Unicorns are mythical creatures we all wish were real, but they are also the representation of the rare and wildly successful startup business.
Businesses such as Airbnb, Snapchat and Uber are a few of just over 200 startup unicorns – defined as a startup company valued at at least one billion dollars. Success like this is desirable for obvious reasons, but shouldn’t be the goal of young entrepreneurs.
Millennial views of entrepreneurship can seem a little shallow, which doesn’t help our reputation for having a low work ethic and possessing an overinflated sense of self esteem. Plenty of 20- and 30-somethings have proven the stereotypes wrong, but we’re struggling to prove that our tolerance for risk and failure isn’t low.
Many young businessmen get an idea they are convinced is brilliant – this is where the high self esteem comes in – and when they pursue the idea and find out it’s not going to make billions right off the bat, they give up and move on to the next thing, reinforcing the idea that we aren’t ready to put in the work over time.
With this startup mentality, it’s easy to become discouraged when success doesn’t come within the first six months of a business venture.
Steve Blank, Silicon Valley serial entrepreneur, said a startup can be defined as a “temporary organization designed to search for a repeatable and scalable business model. A scalable startup founder doesn’t just want to be her own boss; she wants to take over the universe.”
This mindset, however ambitious, can be detrimental to our already wavering confidence as entrepreneurs and to our creative process. If we fail enough times, we’re likely going to give up completely and settle for a regular nine-to-five job to pay off our student loans.
“I think every Millennial wants to start the next Airbnb, and really the vast majority will not, but that does not mean you can’t be an entrepreneur,” said Spencer Woolfolk, senior marketing major and president/CEO of Wildcat Ventures. “I think that it is very harmful to assume that building the next big company is easy or attainable. Instead, it has a lot to do with timing and even a little luck, but entrepreneurship is not about how big your company is or how much money you make, rather its about following passion and building things.”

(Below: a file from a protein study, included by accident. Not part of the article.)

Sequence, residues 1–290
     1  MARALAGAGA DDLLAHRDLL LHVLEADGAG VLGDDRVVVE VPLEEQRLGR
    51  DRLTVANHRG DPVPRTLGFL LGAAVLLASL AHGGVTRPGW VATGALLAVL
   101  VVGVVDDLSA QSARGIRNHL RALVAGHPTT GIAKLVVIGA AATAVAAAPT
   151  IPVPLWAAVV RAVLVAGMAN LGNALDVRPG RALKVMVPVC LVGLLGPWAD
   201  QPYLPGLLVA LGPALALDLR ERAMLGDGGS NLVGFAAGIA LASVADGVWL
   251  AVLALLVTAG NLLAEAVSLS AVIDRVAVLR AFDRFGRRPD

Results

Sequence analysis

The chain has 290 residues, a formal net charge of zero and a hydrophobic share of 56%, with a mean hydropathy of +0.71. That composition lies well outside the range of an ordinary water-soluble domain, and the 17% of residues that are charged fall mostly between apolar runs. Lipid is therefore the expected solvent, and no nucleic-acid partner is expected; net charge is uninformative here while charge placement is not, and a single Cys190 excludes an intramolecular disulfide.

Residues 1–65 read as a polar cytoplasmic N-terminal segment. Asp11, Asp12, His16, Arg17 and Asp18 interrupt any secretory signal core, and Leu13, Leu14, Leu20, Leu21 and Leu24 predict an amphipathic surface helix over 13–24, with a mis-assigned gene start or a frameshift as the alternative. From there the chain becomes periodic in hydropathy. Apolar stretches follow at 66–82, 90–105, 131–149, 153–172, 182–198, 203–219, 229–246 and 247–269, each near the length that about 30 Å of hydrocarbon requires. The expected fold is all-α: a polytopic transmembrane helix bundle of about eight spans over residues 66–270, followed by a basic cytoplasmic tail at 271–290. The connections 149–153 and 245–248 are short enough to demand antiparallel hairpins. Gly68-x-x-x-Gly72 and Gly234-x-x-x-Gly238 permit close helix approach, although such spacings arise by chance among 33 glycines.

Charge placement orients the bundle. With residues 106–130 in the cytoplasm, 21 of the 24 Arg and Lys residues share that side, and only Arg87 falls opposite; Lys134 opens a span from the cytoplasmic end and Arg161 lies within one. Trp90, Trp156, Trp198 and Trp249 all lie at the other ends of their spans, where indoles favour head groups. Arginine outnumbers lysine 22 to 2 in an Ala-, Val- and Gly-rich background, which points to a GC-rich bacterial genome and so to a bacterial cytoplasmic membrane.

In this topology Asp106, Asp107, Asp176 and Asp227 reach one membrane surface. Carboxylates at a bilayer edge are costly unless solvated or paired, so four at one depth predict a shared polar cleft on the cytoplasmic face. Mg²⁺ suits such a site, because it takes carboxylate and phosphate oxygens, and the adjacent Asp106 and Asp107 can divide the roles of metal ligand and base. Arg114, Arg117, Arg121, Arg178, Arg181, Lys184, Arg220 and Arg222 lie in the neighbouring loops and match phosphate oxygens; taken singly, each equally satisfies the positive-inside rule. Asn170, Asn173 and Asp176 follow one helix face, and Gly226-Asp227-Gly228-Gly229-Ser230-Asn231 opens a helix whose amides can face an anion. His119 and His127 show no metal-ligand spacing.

It’s sad to think our resilience can be worn down, but there is a way to combat this downfall of confidence and stifling of our creativity, and this is to switch our mindset to creating a small business, not a mystical startup unicorn.
A small business mindset focuses more on hard work and progress over time, unlike the startup mentality.
According to the U.S. Small Business Administration, the definition of a small business is one that is independently owned and operated, organized for profit and not dominant in its field. In other words, small business starters aren’t aiming to take over the universe.
“Small businesses are driven by profitability and stable long-term value, while startups are focused on top-end revenue and growth potential,” said Neil Thanedar, CEO and founder of a mobile health startup in Forbes.
Small businesses allow you to focus more on keeping your goals personal – and attainable – as well as time to build into a bigger business, if you so choose. Aiming to create a small business instead of a startup provides you more options to pursue what you desire versus having to keep up with the latest trends and needing create a new market. By focusing more on long-term value, you are putting less pressure on yourself to create something completely unique and completely successful.
Failure is a part of any process, but there is little room for failure when you’re trying to create a billion-dollar business in the course of a few months. After all, good things take time.
“I think the best indicator of a true entrepreneur is how many times they have come back from failures,” Woolfolk said. “For entrepreneurs failures are not bad, in fact it strengthens their case as they try a new idea. The idea may be trash and entrepreneurs have to pivot the idea or completely come up with a new one, but giving up on entrepreneurship is the worst thing they can do.”